This is a document that allows our company as contractors to speak with your insurance carrier regarding your claim without your insurance carrier having to get permission for each question. It is not an assignment of claim.
Your insurance policy that covers repairs to your home has specific limitations that are outlined in your policy. These limitations vary among insurance carriers and it affects the amount of compensation that a carrier will provide for certain items. Any items that may need to be fixed throughout the construction process will be discussed with the client. One common supplement that is rarely covered is damage to the decking (plywood). Since insurance claims are made on an “Occurrence Based Policy”, the rotting wood most likely was caused by long term moisture and not a single hail incident. Striker Roofing & Construction will document the damage and send it in to the insurance carrier, but it most likely will not be approved. In these cases, the client will be responsible for payment of the repairs. Any structural repairs will be communicated with the client for approval. At Striker Roofing & Construction we take our duty to responsibly supplement claims very seriously. It is important to understand that the insurance carrier has contractual obligation to give the full replacement cost for repairing your home back to pre-storm conditions. Insurance carriers will often request documentation or proof to show that the additional expenses are necessary for the homeowner to have the work done properly.
During the construction process, additional damage may be discovered by the contractor. In this
case a request for supplemental funds will be made to your insurance carrier with the proper
A supplement is a charge or charges that needs to be added to a claim for items that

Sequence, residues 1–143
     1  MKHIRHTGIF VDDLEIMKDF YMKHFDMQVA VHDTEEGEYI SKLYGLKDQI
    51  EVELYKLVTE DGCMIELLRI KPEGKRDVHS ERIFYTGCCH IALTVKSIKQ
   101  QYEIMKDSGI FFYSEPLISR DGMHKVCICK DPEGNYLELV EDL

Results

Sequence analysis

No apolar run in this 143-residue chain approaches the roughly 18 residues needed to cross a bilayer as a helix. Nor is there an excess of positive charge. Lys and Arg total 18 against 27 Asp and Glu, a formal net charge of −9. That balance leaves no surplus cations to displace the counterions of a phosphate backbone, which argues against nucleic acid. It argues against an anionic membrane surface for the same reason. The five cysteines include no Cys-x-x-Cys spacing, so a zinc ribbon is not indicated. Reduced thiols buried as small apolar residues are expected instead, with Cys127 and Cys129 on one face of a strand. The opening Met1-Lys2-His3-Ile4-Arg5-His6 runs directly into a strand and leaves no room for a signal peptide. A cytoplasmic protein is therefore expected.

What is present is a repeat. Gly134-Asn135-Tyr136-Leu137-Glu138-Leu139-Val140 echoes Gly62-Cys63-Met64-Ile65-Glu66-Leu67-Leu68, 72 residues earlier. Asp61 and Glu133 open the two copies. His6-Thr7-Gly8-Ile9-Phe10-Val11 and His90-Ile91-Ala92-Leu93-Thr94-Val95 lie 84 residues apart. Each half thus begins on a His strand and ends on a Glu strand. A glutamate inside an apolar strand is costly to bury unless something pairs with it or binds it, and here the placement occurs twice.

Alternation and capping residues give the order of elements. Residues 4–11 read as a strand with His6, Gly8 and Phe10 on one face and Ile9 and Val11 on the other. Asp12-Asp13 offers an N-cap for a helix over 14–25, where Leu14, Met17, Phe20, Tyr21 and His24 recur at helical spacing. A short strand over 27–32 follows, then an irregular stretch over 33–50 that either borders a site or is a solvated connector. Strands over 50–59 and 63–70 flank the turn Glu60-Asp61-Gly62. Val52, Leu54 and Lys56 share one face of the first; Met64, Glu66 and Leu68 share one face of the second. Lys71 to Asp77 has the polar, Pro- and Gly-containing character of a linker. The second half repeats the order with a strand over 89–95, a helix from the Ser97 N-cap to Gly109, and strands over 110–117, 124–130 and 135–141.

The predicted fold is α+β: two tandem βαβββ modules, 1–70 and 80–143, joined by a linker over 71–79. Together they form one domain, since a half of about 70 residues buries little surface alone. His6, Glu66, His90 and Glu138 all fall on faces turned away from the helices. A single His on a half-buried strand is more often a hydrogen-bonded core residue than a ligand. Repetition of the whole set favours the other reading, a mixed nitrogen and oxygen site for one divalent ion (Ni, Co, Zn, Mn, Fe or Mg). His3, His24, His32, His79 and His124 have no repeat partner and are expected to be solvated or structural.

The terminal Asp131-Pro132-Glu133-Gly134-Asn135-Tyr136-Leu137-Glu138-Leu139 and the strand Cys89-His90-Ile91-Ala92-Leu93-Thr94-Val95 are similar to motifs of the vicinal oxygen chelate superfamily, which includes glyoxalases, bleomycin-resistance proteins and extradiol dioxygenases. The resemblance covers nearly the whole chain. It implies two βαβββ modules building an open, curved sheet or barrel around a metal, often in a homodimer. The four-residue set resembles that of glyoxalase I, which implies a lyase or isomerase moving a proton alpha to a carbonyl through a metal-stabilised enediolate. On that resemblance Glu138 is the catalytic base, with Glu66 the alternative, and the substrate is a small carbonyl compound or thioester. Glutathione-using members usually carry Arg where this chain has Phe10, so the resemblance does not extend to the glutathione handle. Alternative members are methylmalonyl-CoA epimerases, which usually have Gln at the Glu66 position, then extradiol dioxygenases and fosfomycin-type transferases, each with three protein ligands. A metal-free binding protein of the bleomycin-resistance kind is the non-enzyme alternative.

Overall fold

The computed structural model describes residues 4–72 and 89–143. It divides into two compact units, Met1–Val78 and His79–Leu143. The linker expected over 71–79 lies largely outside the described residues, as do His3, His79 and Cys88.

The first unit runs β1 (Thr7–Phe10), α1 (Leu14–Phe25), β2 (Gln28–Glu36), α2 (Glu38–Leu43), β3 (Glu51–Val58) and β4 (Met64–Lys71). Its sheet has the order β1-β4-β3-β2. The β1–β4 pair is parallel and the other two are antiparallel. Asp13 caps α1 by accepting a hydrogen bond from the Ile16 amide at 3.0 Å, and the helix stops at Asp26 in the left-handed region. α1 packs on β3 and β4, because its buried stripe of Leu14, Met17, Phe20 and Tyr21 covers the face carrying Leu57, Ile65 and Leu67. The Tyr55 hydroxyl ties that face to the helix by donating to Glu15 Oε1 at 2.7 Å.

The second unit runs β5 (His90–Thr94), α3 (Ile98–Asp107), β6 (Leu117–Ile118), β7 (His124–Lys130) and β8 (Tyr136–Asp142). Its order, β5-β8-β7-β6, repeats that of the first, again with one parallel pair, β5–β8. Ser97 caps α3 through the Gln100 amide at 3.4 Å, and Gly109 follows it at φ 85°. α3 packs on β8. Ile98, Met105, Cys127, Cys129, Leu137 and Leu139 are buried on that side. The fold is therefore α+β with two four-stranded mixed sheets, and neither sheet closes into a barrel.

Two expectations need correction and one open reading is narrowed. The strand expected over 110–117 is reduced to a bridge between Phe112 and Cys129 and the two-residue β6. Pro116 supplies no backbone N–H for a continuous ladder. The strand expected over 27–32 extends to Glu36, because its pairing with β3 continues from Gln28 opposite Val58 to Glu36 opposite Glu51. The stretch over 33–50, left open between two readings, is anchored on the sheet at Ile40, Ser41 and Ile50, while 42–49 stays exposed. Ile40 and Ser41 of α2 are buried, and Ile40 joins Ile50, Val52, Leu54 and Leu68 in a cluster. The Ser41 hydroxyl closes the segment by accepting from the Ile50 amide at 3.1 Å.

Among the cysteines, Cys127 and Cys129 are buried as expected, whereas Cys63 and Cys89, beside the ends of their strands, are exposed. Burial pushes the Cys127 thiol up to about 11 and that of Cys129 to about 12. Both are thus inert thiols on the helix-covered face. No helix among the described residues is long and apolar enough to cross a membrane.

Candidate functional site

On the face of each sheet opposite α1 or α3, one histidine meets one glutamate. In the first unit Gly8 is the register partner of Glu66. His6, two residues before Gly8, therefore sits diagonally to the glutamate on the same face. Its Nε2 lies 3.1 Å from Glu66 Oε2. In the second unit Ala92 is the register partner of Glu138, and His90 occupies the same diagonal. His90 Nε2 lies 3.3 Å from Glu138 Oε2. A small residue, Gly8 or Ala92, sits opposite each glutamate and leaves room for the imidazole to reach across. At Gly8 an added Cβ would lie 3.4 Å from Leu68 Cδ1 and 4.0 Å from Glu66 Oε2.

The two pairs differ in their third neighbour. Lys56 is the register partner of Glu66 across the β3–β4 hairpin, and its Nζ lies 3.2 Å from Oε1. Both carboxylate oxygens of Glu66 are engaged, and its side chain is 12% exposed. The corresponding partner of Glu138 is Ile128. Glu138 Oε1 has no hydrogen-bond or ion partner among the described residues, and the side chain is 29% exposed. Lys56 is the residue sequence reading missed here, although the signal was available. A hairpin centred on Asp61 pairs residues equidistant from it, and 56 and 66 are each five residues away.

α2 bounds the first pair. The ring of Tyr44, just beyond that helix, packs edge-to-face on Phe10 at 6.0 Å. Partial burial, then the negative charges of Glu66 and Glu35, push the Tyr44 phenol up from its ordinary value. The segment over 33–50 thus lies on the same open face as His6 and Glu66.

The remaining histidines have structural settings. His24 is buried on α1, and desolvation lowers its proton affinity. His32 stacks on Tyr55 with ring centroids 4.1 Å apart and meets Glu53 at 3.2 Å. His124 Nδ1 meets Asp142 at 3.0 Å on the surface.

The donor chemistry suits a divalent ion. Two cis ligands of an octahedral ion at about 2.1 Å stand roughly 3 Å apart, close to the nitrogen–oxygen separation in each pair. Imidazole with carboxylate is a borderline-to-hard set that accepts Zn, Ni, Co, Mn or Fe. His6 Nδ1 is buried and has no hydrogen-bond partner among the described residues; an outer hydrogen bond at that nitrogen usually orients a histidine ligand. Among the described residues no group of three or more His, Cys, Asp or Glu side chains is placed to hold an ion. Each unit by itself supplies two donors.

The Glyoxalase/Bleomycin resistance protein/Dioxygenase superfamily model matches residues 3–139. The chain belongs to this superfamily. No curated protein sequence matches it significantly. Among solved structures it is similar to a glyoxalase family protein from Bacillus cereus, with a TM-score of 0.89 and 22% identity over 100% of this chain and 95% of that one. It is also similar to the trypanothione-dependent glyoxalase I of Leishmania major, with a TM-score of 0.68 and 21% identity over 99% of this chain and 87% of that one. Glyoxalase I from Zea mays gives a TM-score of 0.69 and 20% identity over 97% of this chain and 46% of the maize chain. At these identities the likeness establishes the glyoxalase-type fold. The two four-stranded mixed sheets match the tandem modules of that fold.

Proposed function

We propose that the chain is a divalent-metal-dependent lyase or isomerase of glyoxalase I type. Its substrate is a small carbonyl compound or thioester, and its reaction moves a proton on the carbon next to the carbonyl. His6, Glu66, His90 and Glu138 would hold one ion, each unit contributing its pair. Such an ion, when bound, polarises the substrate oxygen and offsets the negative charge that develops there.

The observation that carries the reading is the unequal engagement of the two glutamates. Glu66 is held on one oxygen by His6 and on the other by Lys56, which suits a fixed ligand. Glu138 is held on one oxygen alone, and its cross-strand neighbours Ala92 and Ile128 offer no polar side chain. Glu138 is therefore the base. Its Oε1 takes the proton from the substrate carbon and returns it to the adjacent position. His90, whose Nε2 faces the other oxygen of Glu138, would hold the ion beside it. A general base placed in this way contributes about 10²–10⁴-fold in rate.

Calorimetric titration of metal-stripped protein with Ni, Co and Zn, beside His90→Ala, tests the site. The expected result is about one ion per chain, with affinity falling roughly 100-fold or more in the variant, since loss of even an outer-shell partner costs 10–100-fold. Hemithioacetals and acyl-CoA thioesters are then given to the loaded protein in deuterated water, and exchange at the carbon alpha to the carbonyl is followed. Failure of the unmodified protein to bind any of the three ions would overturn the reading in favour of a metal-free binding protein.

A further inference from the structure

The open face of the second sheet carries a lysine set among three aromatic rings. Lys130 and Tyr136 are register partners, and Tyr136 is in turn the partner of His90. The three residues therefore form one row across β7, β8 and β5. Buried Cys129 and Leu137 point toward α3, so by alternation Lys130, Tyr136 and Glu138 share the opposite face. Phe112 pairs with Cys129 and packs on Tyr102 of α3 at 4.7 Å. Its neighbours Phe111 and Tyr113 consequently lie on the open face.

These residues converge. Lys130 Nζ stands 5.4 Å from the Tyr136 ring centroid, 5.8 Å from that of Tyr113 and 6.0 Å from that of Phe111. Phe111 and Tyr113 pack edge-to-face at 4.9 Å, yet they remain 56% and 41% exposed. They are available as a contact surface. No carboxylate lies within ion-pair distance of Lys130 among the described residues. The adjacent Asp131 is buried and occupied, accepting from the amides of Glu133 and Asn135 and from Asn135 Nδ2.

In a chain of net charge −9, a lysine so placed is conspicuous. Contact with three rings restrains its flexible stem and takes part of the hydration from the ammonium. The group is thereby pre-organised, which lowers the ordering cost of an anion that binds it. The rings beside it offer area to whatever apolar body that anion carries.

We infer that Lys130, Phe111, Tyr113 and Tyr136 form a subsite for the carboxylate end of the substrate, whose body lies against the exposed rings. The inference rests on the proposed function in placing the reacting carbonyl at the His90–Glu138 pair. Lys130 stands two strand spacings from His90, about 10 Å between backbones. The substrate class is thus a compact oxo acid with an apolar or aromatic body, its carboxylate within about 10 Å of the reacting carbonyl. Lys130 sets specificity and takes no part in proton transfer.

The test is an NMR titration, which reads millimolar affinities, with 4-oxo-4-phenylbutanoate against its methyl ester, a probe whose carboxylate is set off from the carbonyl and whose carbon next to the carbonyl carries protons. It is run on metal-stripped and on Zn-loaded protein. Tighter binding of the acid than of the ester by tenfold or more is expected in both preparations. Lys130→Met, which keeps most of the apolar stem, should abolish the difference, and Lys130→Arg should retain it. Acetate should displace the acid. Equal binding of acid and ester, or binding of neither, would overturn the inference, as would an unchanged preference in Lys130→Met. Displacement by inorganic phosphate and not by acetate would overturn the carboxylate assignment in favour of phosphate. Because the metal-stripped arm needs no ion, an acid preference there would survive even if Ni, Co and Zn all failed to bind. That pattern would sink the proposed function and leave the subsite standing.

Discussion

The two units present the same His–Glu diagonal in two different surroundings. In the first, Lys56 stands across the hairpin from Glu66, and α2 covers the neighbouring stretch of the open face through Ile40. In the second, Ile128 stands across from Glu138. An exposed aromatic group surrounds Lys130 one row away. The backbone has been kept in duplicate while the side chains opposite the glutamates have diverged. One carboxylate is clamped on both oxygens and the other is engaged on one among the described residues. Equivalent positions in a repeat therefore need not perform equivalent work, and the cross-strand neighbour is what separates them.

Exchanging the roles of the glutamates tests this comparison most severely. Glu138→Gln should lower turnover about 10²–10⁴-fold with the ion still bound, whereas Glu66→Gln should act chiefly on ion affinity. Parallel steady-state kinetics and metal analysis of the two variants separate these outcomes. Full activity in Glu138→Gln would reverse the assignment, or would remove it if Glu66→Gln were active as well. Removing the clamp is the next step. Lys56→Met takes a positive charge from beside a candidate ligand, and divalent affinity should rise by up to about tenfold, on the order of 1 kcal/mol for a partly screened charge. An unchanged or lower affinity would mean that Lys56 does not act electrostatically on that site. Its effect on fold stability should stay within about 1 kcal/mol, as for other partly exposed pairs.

may be omitted, overlooked, underpaid, or discovered after work begins.
Supplementing a claim is standard practice and insurance companies prefer to get notification of
supplemental request early rather than late in the project. This isn’t always possible, as some issues
only become evident during construction. When a contractor is installing a roof, they may not wait on
insurance approval for a supplement. They will do the work needed, and then, after the roof is
complete, file a supplement. This is not out of the ordinary, since contractors do not want to leave
your roof open and risk additional damage due to rain or wind.
Based on their findings, the contractor will work with the insurance carrier to present the items for
supplementation. They will identify each item to be supplemented, write an explanation and, in most
cases, support their findings with pictures, labor/material costs, and technician reports. While our
contractors DO NOT file frivolous supplements like many of our competitors, not all justifiable
supplements get approved. The approval process comes down to the interpretation of the policy by
the adjuster. This interpretation can be subjective and can vary from adjuster to adjuster, insurance
carrier to insurance carrier.
However, there will be an agreement with your roofing contractor that they will receive the
supplement money if the insurance carrier approves a supplement.The homeowner does not pay for
supplements not approved by the insurance carrier, unless it has been approved through a signed
change order. The only exception would be if the damage found would cause further damage to the
roof, structure, or interior. The refusal of Striker Roofing & Construction performing the repairs by the
client would result in voiding all warranties provided by Striker Roofing & Construction.
Once the insurance carrier approves a supplement, the homeowner will receive a notification and a
new/revised “Summary of Estimate” from the insurance carrier. This is when homeowners may feel
concerned and confused. Below is an illustration of the financial transaction of a supplement, using a
side-by-side summary of an estimate spreadsheet (See Chart 1: Side-by-Side Financial Effect of a
The key things to notice are:
1. Even though the Replacement Cost Value (RCV) increased from $10,598.17 to $13,305.62, the
out of pocket deductible that the homeowner is responsible for in the amount of $3.454.00 in this
example did not go up.
2. However, the balance owed did go up by the amount of the Net Supplement in the amount of
$2,150.96, but the final check received will also go up by $2,150.96. Therefore, the money exchange
nets itself out.
3. The total client out of pocket illustrates that even though the amounts change from line-to-line, the
financials result is the same net effect.